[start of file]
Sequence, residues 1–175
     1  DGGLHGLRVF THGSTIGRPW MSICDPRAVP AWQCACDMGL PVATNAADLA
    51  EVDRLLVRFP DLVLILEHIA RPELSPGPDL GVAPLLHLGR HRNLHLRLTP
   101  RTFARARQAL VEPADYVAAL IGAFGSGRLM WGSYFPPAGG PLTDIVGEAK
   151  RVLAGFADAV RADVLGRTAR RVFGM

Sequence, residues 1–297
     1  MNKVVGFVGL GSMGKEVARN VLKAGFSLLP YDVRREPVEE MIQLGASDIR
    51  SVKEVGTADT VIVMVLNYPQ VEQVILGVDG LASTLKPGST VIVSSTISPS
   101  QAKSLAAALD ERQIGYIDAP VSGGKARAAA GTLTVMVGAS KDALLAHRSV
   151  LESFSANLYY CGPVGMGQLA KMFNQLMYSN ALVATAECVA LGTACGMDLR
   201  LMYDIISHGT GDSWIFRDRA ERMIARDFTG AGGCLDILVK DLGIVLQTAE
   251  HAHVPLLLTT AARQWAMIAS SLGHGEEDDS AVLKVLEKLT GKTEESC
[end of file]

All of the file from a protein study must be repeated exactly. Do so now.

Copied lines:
Sequence, residues 1–175
     1  DGGLHGLRVF THGSTIGRPW MSICDPRAVP AWQCACDMGL PVATNAADLA
    51  EVDRLLVRFP DLVLILEHIA RPELSPGPDL GVAPLLHLGR HRNLHLRLTP
   101  RTFARARQAL VEPADYVAAL IGAFGSGRLM WGSYFPPAGG PLTDIVGEAK
   151  RVLAGFADAV RADVLGRTAR RVFGM

Sequence, residues 1–297
     1  MNKVVGFVGL GSMGKEVARN VLKAGFSLLP YDVRREPVEE MIQLGASDIR
    51  SVKEVGTADT VIVMVLNYPQ VEQVILGVDG LASTLKPGST VIVSSTISPS
   101  QAKSLAAALD ERQIGYIDAP VSGGKARAAA GTLTVMVGAS KDALLAHRSV
   151  LESFSANLYY CGPVGMGQLA KMFNQLMYSN ALVATAECVA LGTACGMDLR
   201  LMYDIISHGT GDSWIFRDRA ERMIARDFTG AGGCLDILVK DLGIVLQTAE
   251  HAHVPLLLTT AARQWAMIAS SLGHGEEDDS AVLKVLEKLT GKTEESC